Freecom make a popular range of external hard disks which have been on the Irish market for almost 20 years. Recently, a customer delivered to us a Freecom Tough Drive USB 2.0 which was no longer being recognised by any of their computer systems. When connected to their Windows computer, it would make a knocking noise. The disk contained thousands of .JPEG and Sony RAW images – all of which were of extreme sentimental value to our client.
There are many reasons why a Freecom external hard disk may fail to be recognised by a Windows or Apple Mac computer. These include bad sectors caused by damage to the magnetic layers of the platters (due to chips, cracks or due to the build up of debris). These can result in constant I/O errors or “disk is unformatted or disk is unallocated” error messages when the Freecom drive is connected to a host system.
Or, a Freecom drive may develop corruption in the disk’s system (or servo) area. This area contains firmware modules vital for the smooth operation of the disk (such as head-to-track positioning and velocity control information) When these instructional modules become unreadable, your disk will no longer be able to initialise.
A lot of older model Freecom disks (such as Freecom Classic) still use the FAT32 partitioning scheme. This type of partitioning is now finally being deprecated as the de facto file system for external hard disks in favour or NTFS or exFAT. The FAT32 partition table contains information about partition size, cluster size and root directory location. This table also contains metadata pertaining to file attributes such as file names, size and file timestamps. Corruption of your Freecom’s FAT32 partition table can result in your disk becoming inaccessible.
In this particular case, our diagnosis revealed that this Freecom drive (using a Fujitsu 5,400RPM MHY2250BH-ATA disk inside) had developed two faulty disk-heads. (Heads perform the crucial function of reading and writing data to the disk’s platters). Further investigations on this disk revealed that the voice coil motor (VCM) and head disk assembly were unable to get their servo “instructions” from the system area because the damaged heads. Thus, when the disk tried to initialise, it had no instructions on where to position the head disk assembly. Therefore, the actuator arm (on which the heads are mounted), being in a state of limbo, moves frantically across the platters looking for a position whilst generating knocking noises.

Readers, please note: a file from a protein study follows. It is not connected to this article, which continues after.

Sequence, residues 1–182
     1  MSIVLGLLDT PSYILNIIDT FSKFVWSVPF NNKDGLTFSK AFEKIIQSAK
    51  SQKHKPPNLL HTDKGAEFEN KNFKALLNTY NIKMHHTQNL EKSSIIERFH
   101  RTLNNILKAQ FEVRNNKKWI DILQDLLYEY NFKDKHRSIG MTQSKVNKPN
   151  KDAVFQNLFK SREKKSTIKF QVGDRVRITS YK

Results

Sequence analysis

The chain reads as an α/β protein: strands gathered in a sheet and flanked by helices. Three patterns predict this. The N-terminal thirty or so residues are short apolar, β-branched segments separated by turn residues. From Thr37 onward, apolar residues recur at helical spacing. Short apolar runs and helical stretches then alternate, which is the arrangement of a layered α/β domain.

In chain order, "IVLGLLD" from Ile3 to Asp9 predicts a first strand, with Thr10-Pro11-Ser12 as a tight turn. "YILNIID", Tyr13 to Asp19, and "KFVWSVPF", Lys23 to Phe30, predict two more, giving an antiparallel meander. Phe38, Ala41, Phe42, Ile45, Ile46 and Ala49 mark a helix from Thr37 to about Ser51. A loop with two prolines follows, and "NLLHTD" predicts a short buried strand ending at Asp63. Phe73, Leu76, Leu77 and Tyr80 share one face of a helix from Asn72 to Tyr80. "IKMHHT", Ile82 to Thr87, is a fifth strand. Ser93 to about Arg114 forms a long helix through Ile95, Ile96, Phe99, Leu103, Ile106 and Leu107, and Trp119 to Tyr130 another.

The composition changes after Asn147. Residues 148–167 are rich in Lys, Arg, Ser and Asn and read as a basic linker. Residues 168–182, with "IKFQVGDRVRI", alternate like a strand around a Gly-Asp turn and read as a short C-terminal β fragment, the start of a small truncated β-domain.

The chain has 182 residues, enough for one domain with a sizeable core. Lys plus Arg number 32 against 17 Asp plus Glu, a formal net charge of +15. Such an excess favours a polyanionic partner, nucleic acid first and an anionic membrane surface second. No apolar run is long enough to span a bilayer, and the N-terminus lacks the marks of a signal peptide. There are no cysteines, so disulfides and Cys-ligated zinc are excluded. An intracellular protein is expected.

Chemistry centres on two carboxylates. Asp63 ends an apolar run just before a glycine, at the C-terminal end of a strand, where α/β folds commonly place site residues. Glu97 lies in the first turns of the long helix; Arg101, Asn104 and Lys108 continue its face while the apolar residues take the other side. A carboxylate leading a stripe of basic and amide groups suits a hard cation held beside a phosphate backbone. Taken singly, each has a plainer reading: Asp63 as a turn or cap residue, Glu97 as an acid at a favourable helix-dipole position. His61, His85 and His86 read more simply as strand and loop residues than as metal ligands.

We had a replacement head-disk assembly (HDA) already in stock which we replaced in our clean-room. However, even with the HDA replaced and aligning perfectly with the platters, we were still unable to fully access the volume. Our data recovery system could read the disk as far as LBA 23,242,82 and then the volume would be invisible. This will sometimes happen with Fujitsu disks because they have a very temperamental translator. Using our data recovery equipment, pre-loaded with Fujitsu FW modules we were able to regenerate the disk’s translator. We re-powered the disk and finally got access to it’s data!
Drive Rescue offer a complete data recovery service for Freecom external hard disks which are clicking, appearing as unformatted or no longer recognised by your computer. We frequently recover from models such as Freecom Tough Drive 320GB, Freecom Tough Drive 500GB, Freecom Tough Drive 1TB (56057), Freecom Tough Drive 2TB (56331), Freecom Mobile Drive Classic 2.5”, Freecom Mobile Drive MG 500GB Slim, Mobile Drive MG 1TB Slim, Freecom Hard Drive Classic, Freecom Classic 3.0, Freecom Network Drive 1TB, Freecom Network Drive XS and Freecom 29409, 29492, 33708, 33745 and 35610. Your memories and work projects recovered with excellent success rates. Call us on 1890 571 571.
Accidentally spilling water, coffee, tea, beer or any other liquid on your laptop is not a nice feeling. But don’t fret your data might still be recoverable.
The liquid itself doesn’t do the damage...
Here is an interesting fact: it isn’t the liquid itself that damages the electronics, it is the salts and minerals in the liquid (known as dissolved electrolytes) that damage the circuit. These “impurities” in the liquid – especially those minerals, which are very good conductors – can create deposits on the disk’s PCB and cause a short-circuit. This can result in an unpredictable mode of operation when the device is powered up. For example, if you spill deionized water (which has been treated to remove all ions) directly in the printed circuit board (PCB) of an electronic device, no ionic reaction will occur and you can just dry the device. In fact, during the production process of the components, many manufacturers themselves use deionised water to remove flux and other residues that have been left during the soldering process.